This past weekend, theater students and professionals showcased their collaborative efforts in the form of “The Night of One Acts” from March 20 to 22. According to the “One Acts” program, the event was constructed to the finishing product over the course of six weeks.
Each of the four short plays brought an issue into discussion different from the others. In professional artistic director Andi Chapman’s written “From the Directors” statement, there is a story of freedom (“Poof”), one of redemption (“Birdcage in Brooklyn”), one about life’s choices (“They Know Something We Don’t”), and also of forgiveness (“Celibacy in the Suburbs”).
According to Davis, “The whole point of ‘One Acts’ is to showcase student work, student talent, and what we have learned over the course of four years and start practicing what we’re going to be doing in the real world.”
The opening short play is professional playwright Lynn Nottage’s “Poof,” directed by senior theater arts/screenwriting major, Hannah Bushyeager, whose written work, “A Birdcage in Brooklyn” was also showcased at the event.
Bushyeager says in her written statement that the story is about the situations that women trap themselves in because of society’s engendered predispositions. It features the lead, Loureen, played by senior BFA acting major Zenna Hodge, whose character is faced with the consequences of speaking one’s mind in a comedic display.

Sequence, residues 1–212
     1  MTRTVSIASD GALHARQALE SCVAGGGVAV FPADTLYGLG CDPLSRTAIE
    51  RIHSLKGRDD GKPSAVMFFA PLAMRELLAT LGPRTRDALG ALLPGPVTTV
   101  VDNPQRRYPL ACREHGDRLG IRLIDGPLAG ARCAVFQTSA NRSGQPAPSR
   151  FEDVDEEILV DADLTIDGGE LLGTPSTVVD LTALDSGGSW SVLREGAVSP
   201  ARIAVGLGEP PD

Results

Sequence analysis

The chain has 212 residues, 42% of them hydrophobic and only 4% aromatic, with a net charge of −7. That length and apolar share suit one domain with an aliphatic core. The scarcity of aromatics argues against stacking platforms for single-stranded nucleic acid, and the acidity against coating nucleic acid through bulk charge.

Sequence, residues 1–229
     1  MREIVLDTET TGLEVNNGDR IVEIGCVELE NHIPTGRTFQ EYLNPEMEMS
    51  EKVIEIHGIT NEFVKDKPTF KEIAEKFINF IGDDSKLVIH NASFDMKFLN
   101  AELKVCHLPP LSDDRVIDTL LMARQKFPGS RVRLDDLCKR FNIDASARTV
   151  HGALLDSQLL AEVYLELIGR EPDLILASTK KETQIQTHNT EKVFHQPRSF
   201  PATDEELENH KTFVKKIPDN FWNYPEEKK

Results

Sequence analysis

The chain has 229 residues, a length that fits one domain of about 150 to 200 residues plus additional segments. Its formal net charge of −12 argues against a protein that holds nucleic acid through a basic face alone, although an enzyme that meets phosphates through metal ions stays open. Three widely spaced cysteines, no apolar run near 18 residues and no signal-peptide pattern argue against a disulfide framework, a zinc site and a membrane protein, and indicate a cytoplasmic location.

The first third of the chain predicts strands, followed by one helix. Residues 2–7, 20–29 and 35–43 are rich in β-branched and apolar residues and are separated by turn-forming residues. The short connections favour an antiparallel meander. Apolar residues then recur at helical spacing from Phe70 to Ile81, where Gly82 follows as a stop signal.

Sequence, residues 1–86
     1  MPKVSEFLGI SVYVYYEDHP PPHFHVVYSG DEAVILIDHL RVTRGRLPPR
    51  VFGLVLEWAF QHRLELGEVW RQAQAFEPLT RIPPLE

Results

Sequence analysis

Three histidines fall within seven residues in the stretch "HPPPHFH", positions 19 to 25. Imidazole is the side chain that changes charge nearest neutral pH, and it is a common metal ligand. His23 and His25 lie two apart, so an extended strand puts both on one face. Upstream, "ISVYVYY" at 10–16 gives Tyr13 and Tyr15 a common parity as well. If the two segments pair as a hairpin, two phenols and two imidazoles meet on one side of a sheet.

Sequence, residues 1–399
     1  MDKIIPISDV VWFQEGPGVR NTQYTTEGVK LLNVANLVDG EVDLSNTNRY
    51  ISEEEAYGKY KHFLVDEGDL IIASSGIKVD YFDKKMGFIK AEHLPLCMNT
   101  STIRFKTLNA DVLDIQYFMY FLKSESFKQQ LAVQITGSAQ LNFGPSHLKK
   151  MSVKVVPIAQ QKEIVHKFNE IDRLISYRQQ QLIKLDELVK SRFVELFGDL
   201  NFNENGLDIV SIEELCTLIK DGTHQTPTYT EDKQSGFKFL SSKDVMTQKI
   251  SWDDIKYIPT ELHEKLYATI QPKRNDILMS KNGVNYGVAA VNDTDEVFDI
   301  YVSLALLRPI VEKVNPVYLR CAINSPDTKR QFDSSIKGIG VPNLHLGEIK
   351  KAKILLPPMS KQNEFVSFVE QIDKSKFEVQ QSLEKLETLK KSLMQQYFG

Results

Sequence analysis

Bushyeager’s written work was the next in line to be performed. “Birdcage in Brooklyn” is set in a prison where a naive woman working on her master’s thesis adventures to discover the healing magic of story. According to Bushyeager, the piece is about redemption and the freedom one can have from confinement.
“It was interesting to be the first person to bring the work to life and not having anyone preceding you,” junior BFA acting major Calli McLellan, who played the lead role in “Birdcage in Brooklyn” as Corina, said. “It’s been a lot of fun and really difficult because you have nothing to really base it off of, you’re the sole creator.”
McLellan said the role was something that was closer to her heart because of the ministry she has done in prisons.
The following play was Chris Cragin Day’s “They Know Something We Don’t,” directed by senior psychology and theater major, Lydia Soto. In Soto’s written “From the Director” statement, “‘They Know Something We Don’t’ demonstrates how a tragic event and a complete stranger can change your perspective of who you are and what you are at a particular point in life.”
The closing one-act play was also an original work written by Davis called, “Celibacy in the Suburbs,” which explores sex, lies, and gossip in the form of an over-the-top comedy.
Junior BFA acting major, Claire Schuttler said, “We were all those ‘high schoolers’ once trying to find themselves and trying to stand up for themselves in different ways and sometimes we do it wrong. Ultimately, being able to forgive others for what others have done to us and being able to forgive is a powerful message.”
The theater department will close the year off with performances of “Faustus: A New Adaptation,” starting April 3, and ending with their final performance on April 13.